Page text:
So many of our dearly held expectations in the recruiting industry have been upended during the COVID-19 pandemic:
- Remote work and flexible schedules were already a big trend but the pandemic accelerated adoption
- Workers are increasingly opting to move from high “cost of living” (COL) cities into smaller cities and even rural areas that are equipped with good broadband capabilities
- Inflation is meanwhile exerting upward pressure on salary expectations
So what is an employer to do in this sort of a job environment?
How COL Affects Salary Negotiations
We frequently advise companies on the differences between hiring candidates in different geographical markets such as New York, Los Angeles and Miami. For example, by some estimates, the overall COL in New York is 50% more expensive than Miami.
If you are electing to make a position fully remote, use that as leverage in salary negotiations. Fully remote positions will allow you to consider candidates in lower cost of living areas, which may in turn positively impact your bottom line. It can also enhance the diversity and skill set of your staff to be able to bring together candidates from all over the country or all over the world.
If, on the other hand, you want to keep your employees in certain geographical boundaries, be prepared to offer incentives, beyond a competitive salary, to keep your employees engaged.
New “Pay Transparency” Laws
Several states are enacting so called “pay transparency” laws which are meant to require employers to post a minimum and maximum pay range when they advertise a position. The purpose of these laws are meant to address gender-based disparities in hiring, but in the age of remote work, they can serve as a hindrance to hiring employees who live in certain states. For example Colorado enacted the “Equal Pay for Equal Work Act” which insists that employers list salary ranges. For that reason, some large startups have posted fully remote positions that specifically exclude candidates from Colorado.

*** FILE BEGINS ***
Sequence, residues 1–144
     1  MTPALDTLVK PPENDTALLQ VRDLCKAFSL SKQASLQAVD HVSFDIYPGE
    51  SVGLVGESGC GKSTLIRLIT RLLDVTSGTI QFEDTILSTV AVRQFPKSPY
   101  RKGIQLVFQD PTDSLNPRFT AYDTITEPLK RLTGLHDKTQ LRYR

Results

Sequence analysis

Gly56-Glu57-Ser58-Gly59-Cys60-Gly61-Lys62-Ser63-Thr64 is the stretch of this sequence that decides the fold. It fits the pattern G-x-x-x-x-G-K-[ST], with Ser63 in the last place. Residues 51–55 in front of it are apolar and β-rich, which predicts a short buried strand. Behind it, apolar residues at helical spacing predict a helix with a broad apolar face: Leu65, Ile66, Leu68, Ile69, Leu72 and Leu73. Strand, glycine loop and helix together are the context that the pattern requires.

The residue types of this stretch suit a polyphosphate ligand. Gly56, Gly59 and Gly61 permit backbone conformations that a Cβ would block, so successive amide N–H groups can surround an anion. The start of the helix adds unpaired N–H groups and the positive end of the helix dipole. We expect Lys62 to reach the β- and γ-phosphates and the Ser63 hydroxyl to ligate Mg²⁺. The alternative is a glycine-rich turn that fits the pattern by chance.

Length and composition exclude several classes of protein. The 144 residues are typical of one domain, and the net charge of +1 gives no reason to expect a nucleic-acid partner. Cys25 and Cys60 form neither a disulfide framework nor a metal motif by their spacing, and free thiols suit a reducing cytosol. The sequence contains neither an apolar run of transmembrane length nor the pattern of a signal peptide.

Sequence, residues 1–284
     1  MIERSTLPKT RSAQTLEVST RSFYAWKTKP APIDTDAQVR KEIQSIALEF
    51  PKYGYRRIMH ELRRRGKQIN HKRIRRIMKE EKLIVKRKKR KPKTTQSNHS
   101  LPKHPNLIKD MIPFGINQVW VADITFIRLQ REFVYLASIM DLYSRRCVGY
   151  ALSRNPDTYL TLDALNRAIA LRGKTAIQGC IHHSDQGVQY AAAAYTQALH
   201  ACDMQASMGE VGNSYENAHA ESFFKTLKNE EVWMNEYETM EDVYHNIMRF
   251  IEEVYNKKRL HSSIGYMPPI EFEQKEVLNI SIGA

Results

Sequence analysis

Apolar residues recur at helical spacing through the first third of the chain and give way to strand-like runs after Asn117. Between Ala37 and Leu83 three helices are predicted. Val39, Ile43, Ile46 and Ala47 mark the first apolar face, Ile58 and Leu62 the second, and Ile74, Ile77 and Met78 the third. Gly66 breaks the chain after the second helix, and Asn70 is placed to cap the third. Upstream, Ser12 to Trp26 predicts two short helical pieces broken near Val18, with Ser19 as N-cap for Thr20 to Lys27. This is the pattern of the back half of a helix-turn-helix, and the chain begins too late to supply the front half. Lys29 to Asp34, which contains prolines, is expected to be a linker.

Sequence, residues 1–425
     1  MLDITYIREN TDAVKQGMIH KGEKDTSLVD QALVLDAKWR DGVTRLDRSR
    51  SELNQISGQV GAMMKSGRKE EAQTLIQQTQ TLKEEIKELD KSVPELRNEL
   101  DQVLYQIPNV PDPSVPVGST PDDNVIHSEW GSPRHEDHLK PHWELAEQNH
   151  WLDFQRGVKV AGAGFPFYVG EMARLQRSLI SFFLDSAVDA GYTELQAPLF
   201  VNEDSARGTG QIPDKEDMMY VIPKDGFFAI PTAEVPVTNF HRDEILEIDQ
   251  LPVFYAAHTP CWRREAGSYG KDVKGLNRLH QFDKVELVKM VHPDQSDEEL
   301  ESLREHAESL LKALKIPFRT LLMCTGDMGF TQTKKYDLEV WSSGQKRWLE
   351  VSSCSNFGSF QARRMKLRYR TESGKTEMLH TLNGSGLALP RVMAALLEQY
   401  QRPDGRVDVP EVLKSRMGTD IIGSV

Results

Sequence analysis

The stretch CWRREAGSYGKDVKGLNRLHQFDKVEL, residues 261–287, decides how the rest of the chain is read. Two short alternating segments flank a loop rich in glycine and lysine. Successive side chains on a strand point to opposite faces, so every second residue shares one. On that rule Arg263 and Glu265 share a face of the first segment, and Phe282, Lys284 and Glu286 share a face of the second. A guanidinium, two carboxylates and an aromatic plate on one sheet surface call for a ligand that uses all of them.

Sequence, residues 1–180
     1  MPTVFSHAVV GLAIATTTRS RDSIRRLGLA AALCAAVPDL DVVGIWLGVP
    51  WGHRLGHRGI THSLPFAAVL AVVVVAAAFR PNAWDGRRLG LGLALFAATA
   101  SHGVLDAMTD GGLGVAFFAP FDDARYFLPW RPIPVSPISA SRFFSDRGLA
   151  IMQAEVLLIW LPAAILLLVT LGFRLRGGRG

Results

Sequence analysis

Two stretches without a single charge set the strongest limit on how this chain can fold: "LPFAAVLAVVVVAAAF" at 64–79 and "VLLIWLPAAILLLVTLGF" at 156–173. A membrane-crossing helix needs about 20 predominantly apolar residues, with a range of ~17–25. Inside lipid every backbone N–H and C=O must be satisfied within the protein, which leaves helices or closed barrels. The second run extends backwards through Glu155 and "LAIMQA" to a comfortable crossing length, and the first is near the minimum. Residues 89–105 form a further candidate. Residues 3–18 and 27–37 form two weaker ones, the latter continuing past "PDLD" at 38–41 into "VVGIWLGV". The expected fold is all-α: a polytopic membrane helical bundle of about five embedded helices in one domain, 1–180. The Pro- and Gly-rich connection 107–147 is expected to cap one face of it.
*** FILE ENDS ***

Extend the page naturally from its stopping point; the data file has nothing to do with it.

New York City has recently joined the ranks of pay transparency cities with a law that become effective on May 15, 2022 that requires employers to disclose minimum and maximum salary ranges.
Be mindful of local laws
As an employer, you are entitled to know where your remote workers live. These workers will be subject to some of the laws in their local jurisdiction, regardless of where your headquarters are located. If you elect to hire a position that is exempt from overtime, you need to know whether or not your employee lives in California, where a local law sets the threshold for overtime-exempt pay at a certain salary level.
Need Help Navigating the Changes
We’re here to help! Contact us for more information.